COUCH POTATO: Princess Diana’s ex-butler plays the fame game again in Superstars and Superfans

Paul Burrell
Paul Burrell

Beware the shark-infested fiery pits of fame.

For those burned by it, the best thing to do is vamoose from the public eye altogether.

People, for example, like Princess Diana’s disgraced ex-butler Paul Burrell who blended back into civvy street to nurse his forever tarnished reputation, never to be seen again.

That is, if you didn’t catch him on I’m A Celebrity, Celebrity Stars In Their Eyes, Celebrity Coach Trip or in his clandestine, anonymous shop, Paul Burrell Flowers & Gifts, on Farndon High Street.

Aside from that, there’s no tracking him down.

On Tuesday night, though, fiercely private Burrell’s cover was blown when literally dozens of TLC viewers witnessed him meet up with Ken and Jo Dobson, who’ve idolised him since Di’s death, in the strange realm of Superstars and Superfans.

A quite astonishing hour of telly that began with him referring to himself in the third person (“There’s a strange feel about Paul Burrell out there in the world”) and ended, no word of a lie, with him creeping out of the elderly couple’s wardrobe, wearing pyjamas, and snuggling into bed with them.

In between was either a carefully staged spoof or the most brilliant, funny documentary I’ve seen since the Tourette’s episode of (Stephen) Fry’s Planet Word in 2011.

Remember, however, “international superstar” Burrell has form when it comes to making a genuine prat of himself on telly. And no one’s that good an actor.

So I’m convinced it’s the latter.

Why else would the Dobsons admit phoning the bloke every Tuesday for 14 years to declare their adoration?

The latest of which included this exchange: “Hello Paul.”

“Hello Jo. Don’t forget to take your tablets.”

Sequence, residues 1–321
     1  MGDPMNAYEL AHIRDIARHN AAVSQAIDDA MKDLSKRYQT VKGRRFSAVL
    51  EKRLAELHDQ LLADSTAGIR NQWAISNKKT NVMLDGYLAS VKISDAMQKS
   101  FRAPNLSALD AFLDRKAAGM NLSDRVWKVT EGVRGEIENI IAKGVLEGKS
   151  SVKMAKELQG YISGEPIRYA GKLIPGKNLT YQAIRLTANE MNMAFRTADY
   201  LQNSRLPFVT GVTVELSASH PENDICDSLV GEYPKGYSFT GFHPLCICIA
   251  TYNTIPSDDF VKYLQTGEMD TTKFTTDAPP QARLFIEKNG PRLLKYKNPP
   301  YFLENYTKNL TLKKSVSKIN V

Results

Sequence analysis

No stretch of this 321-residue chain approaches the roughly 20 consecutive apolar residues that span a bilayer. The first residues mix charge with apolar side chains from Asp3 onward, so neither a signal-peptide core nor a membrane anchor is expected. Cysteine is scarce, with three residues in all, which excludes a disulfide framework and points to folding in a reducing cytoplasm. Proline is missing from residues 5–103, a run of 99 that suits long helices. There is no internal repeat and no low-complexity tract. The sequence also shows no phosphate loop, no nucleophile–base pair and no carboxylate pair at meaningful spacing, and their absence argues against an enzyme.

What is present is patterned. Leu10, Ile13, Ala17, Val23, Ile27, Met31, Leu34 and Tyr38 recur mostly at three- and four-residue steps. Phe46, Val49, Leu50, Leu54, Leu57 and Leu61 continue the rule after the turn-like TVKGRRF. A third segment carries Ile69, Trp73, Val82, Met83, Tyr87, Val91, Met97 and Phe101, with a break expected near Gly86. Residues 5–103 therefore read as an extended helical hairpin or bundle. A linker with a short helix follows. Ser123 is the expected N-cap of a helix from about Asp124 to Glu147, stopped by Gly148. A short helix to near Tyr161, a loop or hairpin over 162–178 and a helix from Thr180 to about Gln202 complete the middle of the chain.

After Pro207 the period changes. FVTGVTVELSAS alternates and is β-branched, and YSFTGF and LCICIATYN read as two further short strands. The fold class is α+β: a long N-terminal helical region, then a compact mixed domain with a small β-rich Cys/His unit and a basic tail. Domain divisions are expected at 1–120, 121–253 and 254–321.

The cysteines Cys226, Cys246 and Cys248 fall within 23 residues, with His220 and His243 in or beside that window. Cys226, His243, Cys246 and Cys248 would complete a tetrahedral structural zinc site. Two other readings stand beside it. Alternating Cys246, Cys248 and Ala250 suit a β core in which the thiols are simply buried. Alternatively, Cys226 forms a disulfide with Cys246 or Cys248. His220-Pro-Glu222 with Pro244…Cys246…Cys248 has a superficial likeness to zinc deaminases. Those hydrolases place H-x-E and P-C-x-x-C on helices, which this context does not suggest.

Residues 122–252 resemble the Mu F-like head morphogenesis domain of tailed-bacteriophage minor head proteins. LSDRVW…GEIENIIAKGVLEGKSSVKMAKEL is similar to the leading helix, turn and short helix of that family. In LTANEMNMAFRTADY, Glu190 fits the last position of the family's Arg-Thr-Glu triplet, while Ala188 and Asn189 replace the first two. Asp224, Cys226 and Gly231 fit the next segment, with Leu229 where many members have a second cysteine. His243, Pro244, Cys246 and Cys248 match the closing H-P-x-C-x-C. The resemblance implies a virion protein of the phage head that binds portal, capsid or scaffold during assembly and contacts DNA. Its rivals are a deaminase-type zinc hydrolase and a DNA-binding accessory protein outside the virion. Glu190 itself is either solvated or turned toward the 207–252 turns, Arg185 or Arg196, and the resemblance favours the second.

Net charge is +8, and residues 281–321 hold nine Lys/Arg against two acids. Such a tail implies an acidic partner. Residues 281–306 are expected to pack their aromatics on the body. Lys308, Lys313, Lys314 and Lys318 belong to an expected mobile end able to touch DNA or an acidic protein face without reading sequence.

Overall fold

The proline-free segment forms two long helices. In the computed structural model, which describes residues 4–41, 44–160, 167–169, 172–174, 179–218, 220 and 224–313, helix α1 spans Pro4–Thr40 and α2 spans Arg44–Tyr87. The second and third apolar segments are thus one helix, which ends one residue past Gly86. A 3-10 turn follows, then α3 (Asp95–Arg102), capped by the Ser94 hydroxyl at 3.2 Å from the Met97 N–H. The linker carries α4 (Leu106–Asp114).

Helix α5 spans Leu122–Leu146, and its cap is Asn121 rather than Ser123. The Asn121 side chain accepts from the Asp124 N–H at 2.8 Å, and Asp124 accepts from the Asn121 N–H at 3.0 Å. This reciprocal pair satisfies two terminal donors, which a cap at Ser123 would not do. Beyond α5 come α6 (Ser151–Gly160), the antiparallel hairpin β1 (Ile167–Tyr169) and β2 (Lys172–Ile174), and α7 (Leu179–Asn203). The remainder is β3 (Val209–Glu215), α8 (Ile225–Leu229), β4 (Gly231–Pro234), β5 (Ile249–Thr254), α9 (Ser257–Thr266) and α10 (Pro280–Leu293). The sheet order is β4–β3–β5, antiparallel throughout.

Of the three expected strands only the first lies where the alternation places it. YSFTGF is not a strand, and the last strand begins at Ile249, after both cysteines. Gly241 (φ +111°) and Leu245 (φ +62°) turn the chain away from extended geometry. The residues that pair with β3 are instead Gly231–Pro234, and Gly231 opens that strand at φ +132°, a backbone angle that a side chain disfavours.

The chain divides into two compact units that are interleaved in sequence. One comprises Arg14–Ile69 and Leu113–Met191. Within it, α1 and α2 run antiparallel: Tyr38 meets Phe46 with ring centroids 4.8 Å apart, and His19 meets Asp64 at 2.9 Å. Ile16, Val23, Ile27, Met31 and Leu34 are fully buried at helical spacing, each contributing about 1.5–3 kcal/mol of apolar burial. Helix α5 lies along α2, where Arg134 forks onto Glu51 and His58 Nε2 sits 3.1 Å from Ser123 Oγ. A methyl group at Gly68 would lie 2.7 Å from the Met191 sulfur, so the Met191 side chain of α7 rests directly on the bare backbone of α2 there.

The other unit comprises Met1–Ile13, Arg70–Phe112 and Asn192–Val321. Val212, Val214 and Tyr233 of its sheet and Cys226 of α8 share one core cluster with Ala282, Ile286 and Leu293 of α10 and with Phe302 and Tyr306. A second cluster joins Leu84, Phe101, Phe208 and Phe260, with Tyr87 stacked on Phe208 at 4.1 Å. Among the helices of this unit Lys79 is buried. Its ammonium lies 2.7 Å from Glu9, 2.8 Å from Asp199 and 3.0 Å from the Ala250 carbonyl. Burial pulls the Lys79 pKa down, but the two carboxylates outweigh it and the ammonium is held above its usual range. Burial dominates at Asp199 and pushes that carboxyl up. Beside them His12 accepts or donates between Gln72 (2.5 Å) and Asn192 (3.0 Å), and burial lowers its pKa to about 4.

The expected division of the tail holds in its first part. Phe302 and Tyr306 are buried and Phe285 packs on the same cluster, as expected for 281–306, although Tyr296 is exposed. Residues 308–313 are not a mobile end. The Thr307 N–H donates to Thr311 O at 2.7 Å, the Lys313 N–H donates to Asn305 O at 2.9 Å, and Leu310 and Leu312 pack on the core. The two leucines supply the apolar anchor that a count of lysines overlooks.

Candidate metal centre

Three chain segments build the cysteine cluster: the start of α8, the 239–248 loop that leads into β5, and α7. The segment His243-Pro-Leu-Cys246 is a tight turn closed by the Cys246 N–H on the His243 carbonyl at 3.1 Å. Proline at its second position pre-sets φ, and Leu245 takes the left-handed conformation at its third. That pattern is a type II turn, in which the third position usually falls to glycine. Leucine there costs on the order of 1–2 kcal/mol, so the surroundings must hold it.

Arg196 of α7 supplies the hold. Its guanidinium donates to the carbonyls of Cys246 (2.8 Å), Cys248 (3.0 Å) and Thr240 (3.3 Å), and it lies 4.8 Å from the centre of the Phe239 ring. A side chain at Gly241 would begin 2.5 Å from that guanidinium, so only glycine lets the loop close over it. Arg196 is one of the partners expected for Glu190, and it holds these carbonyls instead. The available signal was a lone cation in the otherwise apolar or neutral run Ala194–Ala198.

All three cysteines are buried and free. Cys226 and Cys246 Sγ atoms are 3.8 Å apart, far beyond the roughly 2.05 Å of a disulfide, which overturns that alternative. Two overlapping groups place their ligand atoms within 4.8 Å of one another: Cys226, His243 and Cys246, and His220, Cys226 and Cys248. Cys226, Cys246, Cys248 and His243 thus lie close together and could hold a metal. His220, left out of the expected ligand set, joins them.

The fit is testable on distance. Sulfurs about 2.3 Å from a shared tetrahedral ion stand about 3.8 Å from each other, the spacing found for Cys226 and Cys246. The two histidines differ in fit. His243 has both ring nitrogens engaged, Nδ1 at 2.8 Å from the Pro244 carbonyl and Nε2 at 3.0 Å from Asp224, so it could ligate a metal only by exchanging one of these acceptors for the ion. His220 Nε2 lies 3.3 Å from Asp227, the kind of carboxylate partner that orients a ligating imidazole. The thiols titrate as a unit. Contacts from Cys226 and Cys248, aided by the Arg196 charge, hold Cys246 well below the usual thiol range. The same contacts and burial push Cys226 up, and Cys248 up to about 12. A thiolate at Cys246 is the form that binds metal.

“Yes, I’ve taken my pills.”

They’re the last people you’d have over for lunch.

With the camera rolling, though, Burrell invited them into his “inner sanctum” – a flat above the florist.

But don’t presume he doesn’t take his personal security lightly.

Oh no.

In Burrell’s imaginary world, a tabloid sting lies behind every corner.

So there he was hosting his shop’s 10th anniversary party, frisking old biddies for hidden wires down their bloomers as they entered the room.

“She’s safe,” he whispered to the crew, before events took a truly bizarre turn.

The Dobsons suddenly appeared on his landing to this greeting: “I see you’ve found your own way up,” with a Harry Hill sideways glance to camera.

His mouth said: “Good to see you.” His eyes said: “Someone call the police!”

Jo, who’d been “on and off the toilet with excitement since 4.40am”, informed him: “When I refer to you, I always say Mr Paul Burrell. Not ‘Blabbermouth’,” before admitting she’d gladly do time for strangling anyone who did.

Several hours of regret and head in hands later, Burrell eventually got rid of them, declaring the need for a lie down.

But it’s not the surreal final three-in-a-bed scene I’ll remember most.

It’s this dialogue. Burrell: “I don’t really like the C-word because I just don’t think I am a celebrity.”

Director: “Are you called the C-word often?”

“I’m called it a lot. I’ve had to get used to it.”

Yes, Paul. Fame can do that.


When Miranda Met Bruce... I fell asleep.

But I did wake up in time to hear the Strictly host bemoan impressionists: “They still do me as though I’m 30 years old.”

How any impersonator knows how cave men spoke is beyond me.

And he announced: “I’m going to play the piano, with your permission.”

Permission denied.